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Canberra gardeners: advice needed

By CuriousCat - 10 September 2015 15

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Hey there, just wanting some advice on what to plant in my garden.

Firstly, I want to plant a hedge in an area that faces west. It’s shaded in the morning, gets hot sun in the afternoon (summer) and will sit between two giant oaks, which may provide some shelter. It’s fairly dry, sitting at the top of a slope, but I intend to put a dripper system along it. SO, my question is, what to plant?!

Second, along the side of my house, we have a 1.8m colourbond fence, south facing. Although it’s high, it doesn’t provide enough privacy into the garden. So, I’d like to grow something up it against it, and hopefully higher than the fence, that doesn’t take up too much space width wise.

The walkway is about 1.5 m wide and we need to keep about a metre wide walkway there. It catches the hot afternoon sun in summer, and is pretty shaded in winter. Again, can anyone recommend a plant to suit these conditions? Hopefully, something attractive, and not pittosporum.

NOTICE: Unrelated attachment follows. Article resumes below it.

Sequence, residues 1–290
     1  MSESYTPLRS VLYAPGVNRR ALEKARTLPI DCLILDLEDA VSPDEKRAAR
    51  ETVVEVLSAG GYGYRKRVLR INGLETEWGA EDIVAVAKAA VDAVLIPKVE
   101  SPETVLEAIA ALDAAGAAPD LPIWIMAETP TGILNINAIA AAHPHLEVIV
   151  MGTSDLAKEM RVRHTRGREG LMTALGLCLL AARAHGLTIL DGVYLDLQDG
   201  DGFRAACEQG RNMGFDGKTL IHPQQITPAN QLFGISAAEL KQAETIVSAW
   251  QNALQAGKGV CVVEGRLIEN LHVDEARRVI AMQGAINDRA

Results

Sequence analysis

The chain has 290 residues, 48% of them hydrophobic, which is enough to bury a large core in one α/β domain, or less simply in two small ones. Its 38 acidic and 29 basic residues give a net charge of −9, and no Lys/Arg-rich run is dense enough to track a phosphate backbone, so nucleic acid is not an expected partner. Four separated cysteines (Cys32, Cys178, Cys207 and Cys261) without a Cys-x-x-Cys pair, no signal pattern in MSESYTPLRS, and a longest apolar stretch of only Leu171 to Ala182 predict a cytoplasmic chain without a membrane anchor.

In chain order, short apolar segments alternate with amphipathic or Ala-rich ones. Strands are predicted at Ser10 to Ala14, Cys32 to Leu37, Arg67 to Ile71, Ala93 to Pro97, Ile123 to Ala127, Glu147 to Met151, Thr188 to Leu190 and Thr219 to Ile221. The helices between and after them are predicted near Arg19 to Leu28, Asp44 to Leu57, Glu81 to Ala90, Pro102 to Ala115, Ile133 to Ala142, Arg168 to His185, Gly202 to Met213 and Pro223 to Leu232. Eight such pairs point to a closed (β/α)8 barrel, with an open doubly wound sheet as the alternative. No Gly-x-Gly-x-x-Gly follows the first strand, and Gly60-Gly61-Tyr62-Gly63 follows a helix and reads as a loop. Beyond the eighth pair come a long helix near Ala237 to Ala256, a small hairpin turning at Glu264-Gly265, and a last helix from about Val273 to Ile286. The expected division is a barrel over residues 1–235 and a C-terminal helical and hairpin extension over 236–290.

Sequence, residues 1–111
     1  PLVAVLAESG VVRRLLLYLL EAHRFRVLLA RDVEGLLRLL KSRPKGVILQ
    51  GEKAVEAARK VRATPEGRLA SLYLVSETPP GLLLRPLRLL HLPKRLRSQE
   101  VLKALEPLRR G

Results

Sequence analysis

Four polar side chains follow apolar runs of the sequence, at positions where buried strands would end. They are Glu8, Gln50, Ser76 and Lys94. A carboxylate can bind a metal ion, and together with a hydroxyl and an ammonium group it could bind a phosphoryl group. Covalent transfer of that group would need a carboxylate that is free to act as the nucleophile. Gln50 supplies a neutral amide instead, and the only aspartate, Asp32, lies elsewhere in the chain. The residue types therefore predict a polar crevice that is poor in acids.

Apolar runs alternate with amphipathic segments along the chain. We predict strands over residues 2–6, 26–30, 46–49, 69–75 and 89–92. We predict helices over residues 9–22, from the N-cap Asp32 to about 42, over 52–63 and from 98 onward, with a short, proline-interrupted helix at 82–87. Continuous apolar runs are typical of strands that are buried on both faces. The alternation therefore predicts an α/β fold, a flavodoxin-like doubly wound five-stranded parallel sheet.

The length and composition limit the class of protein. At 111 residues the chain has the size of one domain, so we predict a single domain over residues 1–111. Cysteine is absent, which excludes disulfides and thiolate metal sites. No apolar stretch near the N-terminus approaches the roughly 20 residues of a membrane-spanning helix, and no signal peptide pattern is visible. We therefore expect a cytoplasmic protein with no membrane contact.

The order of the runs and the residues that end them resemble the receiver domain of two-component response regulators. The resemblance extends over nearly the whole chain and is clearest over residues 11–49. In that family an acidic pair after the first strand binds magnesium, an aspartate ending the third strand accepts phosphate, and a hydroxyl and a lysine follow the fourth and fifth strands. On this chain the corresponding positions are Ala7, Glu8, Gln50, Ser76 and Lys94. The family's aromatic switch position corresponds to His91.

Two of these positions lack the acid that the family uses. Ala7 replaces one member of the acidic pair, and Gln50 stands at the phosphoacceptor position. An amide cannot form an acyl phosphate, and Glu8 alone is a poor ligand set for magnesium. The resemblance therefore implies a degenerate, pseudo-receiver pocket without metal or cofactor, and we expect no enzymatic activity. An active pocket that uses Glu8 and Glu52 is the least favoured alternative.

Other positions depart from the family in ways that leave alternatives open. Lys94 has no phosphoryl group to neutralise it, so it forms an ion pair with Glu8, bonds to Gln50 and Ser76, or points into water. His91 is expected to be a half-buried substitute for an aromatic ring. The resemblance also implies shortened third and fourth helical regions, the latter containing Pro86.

Thanks in advance.

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15 Responses to
Canberra gardeners: advice needed
CuriousCat 7:46 pm 14 Sep 15

Thanks for all the replies. I’ve looked up the plants mentioned and I actually have Viburnum tinus and Photinia ‘Robusta’ growing as giant shrubs (decades old garden – previous owner did random planting all over the pace) in other areas of the garden – I just didn’t know their names. So yes, I agree actually, as hedges they would be good – but yes, Photinia stinks – I think it smells like mosquito repellent! Perhaps Viburnum is the way to go. As for the side of the house, there is no neighbour directly on the other side to worry about, as such. Along this fence is a large grassy area and footpath, and then on the other side, the houses there are further up the street, and look down into our garden and on to our deck, as does the footpath – just want a bit of privacy from that when we are on the deck. We could put up a screen of some sort, but was hoping for some greenery. I love tea tree, so maybe that could be a good way to go. There used to be a giant cotoneaster there, but it was removed to make way for the new fence… (awesome to attract beautiful birds to the garden, but giant weed and in the way)

Thanks again for all the suggestions!

rubaiyat 3:54 pm 14 Sep 15